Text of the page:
Int J Sports Med 1995; 16(5): 314-321
DOI: 10.1055/s-2007-973012
Training and Testing

© Georg Thieme Verlag Stuttgart · New York

Response to Resistance Training in Young Women and Men

F. T. O'Hagan, D. G. Sale, J. D. MacDougall, S. H. Garner
  • Departments of Kinesiology and Medicine, McMaster University, Hamilton, Ontario, Canada
Further Information

Publication History

Publication Date:
09 March 2007 (online)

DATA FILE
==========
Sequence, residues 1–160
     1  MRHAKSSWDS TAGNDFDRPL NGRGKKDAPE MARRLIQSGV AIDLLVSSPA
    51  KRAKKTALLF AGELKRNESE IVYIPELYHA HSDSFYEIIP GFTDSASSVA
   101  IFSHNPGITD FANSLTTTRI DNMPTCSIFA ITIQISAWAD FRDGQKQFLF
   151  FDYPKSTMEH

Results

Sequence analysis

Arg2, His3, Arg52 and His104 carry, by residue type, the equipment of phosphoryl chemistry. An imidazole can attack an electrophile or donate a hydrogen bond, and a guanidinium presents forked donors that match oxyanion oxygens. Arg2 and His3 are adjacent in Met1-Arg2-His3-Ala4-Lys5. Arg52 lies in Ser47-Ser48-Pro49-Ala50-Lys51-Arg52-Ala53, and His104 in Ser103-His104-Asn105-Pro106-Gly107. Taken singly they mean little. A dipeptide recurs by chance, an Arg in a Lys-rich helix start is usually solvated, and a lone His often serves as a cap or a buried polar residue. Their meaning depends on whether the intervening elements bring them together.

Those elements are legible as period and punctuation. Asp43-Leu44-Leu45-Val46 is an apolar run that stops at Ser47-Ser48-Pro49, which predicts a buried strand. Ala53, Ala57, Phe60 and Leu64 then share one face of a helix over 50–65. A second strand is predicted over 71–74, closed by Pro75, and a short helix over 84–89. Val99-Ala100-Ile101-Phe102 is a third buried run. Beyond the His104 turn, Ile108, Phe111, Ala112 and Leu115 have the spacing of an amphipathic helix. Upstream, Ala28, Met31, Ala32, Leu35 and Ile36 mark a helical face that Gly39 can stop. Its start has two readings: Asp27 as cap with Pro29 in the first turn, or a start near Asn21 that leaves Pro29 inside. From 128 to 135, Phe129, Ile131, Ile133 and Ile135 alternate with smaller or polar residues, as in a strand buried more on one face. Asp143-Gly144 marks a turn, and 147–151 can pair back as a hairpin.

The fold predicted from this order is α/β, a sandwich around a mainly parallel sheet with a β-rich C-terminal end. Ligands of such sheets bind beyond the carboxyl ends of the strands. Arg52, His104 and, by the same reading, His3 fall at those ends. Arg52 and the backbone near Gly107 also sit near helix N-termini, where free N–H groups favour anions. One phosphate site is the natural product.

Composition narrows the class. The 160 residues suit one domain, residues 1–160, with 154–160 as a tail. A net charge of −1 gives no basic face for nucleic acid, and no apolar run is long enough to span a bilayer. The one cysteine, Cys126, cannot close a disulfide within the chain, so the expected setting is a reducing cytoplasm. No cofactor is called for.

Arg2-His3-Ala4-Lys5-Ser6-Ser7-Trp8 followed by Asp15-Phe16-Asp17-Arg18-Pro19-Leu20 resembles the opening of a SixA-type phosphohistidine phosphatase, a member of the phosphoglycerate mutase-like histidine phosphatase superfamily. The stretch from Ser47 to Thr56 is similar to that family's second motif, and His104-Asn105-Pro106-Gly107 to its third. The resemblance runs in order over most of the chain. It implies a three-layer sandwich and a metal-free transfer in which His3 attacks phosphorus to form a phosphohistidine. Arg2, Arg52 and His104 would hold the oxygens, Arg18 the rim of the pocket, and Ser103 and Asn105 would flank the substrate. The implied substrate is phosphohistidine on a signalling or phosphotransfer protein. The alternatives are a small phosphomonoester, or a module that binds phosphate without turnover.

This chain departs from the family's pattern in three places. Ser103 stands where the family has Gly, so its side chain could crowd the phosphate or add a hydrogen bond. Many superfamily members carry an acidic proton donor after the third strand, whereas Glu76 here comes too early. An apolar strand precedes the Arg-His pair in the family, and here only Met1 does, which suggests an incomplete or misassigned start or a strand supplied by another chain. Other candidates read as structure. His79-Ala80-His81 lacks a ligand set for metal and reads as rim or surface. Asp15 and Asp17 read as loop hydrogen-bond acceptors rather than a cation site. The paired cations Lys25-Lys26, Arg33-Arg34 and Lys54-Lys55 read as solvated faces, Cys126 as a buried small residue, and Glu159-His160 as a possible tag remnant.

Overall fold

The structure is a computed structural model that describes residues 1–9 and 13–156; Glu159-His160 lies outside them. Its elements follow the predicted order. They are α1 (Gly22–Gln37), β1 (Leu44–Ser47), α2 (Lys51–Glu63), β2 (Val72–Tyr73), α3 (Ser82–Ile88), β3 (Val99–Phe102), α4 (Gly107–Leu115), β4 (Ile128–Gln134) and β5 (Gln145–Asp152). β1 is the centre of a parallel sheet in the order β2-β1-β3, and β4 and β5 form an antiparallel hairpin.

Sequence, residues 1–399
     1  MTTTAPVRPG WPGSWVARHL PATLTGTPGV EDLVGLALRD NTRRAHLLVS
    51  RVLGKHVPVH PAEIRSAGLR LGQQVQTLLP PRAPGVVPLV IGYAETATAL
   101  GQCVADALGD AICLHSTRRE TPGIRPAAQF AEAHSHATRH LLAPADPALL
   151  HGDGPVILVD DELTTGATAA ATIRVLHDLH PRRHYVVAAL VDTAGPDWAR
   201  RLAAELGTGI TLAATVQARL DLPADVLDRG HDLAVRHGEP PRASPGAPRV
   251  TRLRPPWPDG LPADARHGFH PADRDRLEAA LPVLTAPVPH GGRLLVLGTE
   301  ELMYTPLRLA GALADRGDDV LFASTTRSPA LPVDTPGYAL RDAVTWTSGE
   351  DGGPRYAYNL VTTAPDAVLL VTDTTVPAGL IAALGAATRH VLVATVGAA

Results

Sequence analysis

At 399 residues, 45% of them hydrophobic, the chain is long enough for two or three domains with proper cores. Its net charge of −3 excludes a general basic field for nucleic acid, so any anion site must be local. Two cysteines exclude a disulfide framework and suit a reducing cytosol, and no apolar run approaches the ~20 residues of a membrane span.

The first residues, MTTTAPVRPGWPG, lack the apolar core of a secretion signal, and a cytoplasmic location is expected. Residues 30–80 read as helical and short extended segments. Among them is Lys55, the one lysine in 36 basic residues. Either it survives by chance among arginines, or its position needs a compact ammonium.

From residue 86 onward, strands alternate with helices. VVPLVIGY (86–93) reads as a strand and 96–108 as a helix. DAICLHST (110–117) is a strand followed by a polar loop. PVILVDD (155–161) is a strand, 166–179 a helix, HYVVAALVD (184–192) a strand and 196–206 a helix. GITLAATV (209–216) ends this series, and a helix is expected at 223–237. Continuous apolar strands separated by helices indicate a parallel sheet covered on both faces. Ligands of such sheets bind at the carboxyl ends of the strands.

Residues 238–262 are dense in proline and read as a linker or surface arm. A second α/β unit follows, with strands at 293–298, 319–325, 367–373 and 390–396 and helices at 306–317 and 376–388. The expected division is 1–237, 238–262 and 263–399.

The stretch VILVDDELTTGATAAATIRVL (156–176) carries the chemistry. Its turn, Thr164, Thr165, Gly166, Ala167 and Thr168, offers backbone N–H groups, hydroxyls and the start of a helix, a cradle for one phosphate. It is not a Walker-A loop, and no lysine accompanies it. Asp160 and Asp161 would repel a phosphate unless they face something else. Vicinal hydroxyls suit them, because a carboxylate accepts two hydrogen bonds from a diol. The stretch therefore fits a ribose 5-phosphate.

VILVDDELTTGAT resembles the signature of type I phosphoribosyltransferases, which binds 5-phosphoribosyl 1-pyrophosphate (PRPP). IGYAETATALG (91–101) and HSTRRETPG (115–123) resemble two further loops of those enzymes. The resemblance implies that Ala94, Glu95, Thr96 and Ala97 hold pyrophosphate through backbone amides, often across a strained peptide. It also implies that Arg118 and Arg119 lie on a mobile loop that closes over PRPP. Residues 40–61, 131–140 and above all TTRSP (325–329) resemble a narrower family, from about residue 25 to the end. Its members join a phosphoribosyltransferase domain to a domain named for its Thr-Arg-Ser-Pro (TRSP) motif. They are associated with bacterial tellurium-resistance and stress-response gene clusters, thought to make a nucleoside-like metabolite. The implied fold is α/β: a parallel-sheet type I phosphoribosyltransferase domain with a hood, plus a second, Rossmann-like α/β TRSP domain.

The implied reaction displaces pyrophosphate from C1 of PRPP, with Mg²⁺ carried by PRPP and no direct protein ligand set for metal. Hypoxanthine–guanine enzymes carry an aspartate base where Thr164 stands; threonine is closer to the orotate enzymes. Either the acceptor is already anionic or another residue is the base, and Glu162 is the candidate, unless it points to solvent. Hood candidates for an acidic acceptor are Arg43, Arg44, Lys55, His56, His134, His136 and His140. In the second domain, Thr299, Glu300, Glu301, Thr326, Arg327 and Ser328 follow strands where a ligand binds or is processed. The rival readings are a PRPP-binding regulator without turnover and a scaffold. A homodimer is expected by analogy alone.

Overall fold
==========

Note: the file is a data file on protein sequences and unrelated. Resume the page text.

Six women and 6 men trained the elbow flexors 3 days per week for 20 wks, one arm performing in each session 3-5 sets of 10 maximal concentric actions on an accommodating resistance device, the other arm 3 - 5 sets of 8 - 12 coupled eccentric/concentric actions on a weight training device. With results collapsed across the two training modes, the women made significantly (p < 0.05) greater relative increases than men in strength measured on the weight (116 vs. 46 %) and accommodating (99 vs. 46 %) resistance devices, and greater absolute (3.5 vs. - 1.3 N m) and relative (13.7 vs. - 3.2 %) increases in strength measured on an isokinetic dynamometer. Absolute (cm2) and relative ( %) biceps, brachialis, and total elbow flexor cross-sectional area (from CT scans) increased significantly; however, the women's vs. men's respective relative and absolute increases did not differ significantly: biceps (13 vs. 7 %, 0.9 vs. 1.0 cm2), brachialis (53 vs. 31 %, 2.1 vs. 2.3 cm2), and total (26 vs. 15 %, 3.1 vs. 3.3 cm2) flexor area. Biceps type I and II fiber area, and the ll/l area ratio did not increase significantly. The data indicate that in response to the same short-term training program, muscle size increases similarly in women and men but women make greater relative increases in strength.